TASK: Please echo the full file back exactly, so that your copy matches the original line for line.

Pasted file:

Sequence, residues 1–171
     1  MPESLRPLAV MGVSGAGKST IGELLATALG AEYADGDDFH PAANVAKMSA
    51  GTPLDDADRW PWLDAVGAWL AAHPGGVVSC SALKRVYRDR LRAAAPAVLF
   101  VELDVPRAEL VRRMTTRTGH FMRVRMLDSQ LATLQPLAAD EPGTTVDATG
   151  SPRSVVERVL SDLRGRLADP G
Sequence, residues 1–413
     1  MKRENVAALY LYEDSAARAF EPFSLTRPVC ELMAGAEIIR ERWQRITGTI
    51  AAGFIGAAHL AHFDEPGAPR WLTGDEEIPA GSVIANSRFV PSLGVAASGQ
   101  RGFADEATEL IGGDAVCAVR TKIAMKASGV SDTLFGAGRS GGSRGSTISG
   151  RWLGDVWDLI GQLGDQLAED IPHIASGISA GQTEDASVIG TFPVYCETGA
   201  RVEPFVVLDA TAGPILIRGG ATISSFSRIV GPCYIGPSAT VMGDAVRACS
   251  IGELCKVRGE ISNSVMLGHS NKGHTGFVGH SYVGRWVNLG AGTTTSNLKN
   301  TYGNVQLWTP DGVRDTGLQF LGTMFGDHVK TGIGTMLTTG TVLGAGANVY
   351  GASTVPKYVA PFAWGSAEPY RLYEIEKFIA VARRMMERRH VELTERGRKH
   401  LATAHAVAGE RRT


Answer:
Sequence, residues 1–171
     1  MPESLRPLAV MGVSGAGKST IGELLATALG AEYADGDDFH PAANVAKMSA
    51  GTPLDDADRW PWLDAVGAWL AAHPGGVVSC SALKRVYRDR LRAAAPAVLF
   101  VELDVPRAEL VRRMTTRTGH FMRVRMLDSQ LATLQPLAAD EPGTTVDATG
   151  SPRSVVERVL SDLRGRLADP G
Sequence, residues 1–413
     1  MKRENVAALY LYEDSAARAF EPFSLTRPVC ELMAGAEIIR ERWQRITGTI
    51  AAGFIGAAHL AHFDEPGAPR WLTGDEEIPA GSVIANSRFV PSLGVAASGQ
   101  RGFADEATEL IGGDAVCAVR TKIAMKASGV SDTLFGAGRS GGSRGSTISG
   151  RWLGDVWDLI GQLGDQLAED IPHIASGISA GQTEDASVIG TFPVYCETGA
   201  RVEPFVVLDA TAGPILIRGG ATISSFSRIV GPCYIGPSAT VMGDAVRACS
   251  IGELCKVRGE ISNSVMLGHS NKGHTGFVGH SYVGRWVNLG AGTTTSNLKN
   301  TYGNVQLWTP DGVRDTGLQF LGTMFGDHVK TGIGTMLTTG TVLGAGANVY
   351  GASTVPKYVA PFAWGSAEPY RLYEIEKFIA VARRMMERRH VELTERGRKH
   401  LATAHAVAGE RRT